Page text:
Research for Development (R4D) Learning Series – Issue 3
Dittoh, S.; Snyder, K. A.; Lefore, N. 2015. Gender policies and implementation in agriculture, natural resources and poverty reduction: case study of Ghana’s Upper East Region. Colombo, Sri Lanka: International Water Management Institute (IWMI). CGIAR Research Program on Water, Land and Ecosystems (WLE). 22p. (WLE Research for Development (R4D) Learning Series 3). [doi: 10.5337/2015.205]
Gender mainstreaming in Ghana’s development process has been the policy goal since the early 1990s. Yet, there have been critiques that the rhetoric is far from the reality. How far is policy from real implementation practice and if there is a gap, how big is it? Answers to these questions are crucial given the growing importance of changing gender roles with regards to improvements in the socio-cultural, economic, political, legal and civic conditions of the people. This research and case study was an output of the Gender in National Policy and Implementation in Ghana project supported by the Gender Innovation Fund of the CGIAR Research Program on Water, Land and Ecosystems (WLE). The work intended to provide the foundation for subsequent gender research in the region and for future collaboration with institutions, including ‘non-conventional partners’ such as gender advocacy organizations, many of whom are not presently involved in agricultural development. The overall aim of the project was to analyze how gender is addressed in national policy and implementation of agricultural and natural resources management (NRM) initiatives and how the ideas of gender as represented in the national policies may or may not align with the local context and the aims of men and women at the local level.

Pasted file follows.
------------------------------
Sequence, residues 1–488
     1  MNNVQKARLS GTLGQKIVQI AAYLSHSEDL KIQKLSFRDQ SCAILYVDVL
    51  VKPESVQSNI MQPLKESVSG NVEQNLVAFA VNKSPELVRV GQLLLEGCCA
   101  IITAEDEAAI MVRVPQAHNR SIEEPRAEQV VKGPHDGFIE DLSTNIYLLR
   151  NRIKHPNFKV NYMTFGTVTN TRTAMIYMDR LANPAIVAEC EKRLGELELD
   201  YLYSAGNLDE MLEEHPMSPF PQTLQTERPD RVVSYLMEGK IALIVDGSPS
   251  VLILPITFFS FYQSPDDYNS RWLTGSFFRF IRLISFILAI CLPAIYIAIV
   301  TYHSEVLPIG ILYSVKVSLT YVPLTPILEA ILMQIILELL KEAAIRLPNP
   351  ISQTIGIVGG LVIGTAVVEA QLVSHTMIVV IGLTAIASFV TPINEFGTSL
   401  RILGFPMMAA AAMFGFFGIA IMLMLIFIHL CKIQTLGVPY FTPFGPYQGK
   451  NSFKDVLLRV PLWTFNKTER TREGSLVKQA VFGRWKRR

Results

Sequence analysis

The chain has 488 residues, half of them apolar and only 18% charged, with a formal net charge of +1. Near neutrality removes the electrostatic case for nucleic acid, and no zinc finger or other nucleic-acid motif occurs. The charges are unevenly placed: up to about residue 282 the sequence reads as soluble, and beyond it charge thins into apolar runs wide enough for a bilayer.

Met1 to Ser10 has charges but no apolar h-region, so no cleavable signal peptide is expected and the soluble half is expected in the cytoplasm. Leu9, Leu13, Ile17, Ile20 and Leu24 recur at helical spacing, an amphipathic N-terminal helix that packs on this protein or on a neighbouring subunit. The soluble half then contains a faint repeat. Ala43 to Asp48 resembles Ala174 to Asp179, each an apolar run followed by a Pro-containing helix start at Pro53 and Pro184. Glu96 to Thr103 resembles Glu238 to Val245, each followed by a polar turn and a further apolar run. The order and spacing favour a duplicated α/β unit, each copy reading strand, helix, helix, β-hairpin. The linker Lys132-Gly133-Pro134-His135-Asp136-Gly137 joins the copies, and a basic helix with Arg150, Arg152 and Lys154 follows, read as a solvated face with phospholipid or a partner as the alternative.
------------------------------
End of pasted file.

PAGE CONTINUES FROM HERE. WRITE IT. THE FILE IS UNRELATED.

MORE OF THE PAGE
The findings suggest that sensitization programs on gender have had some success at all levels in terms of raising awareness. However, the study also revealed that adopting narratives around gender and gender equity into policy and even programs does not necessary lead to implemented projects and activities that increase women’s access to resources, control over assets or greater participation and influence in public and political life. A major obstacle for implementation is lack of funding, which is part of the overall constraints on institutional capacity among implementing bodies. In some cases, donor funds earmarked for more direct support for district level implementation on gender and agriculture have enabled the implementation of plans. There is often a disconnect between how gender as understood and prioritized at national level is interpreted at local level at the point of implementation. Much more can be done to better understand and align notions of and priorities for gender toward achieving equity through policy implementation in northern Ghana.
ISSN 2522-7106 (Print)
ISSN 2522-7076 (Online)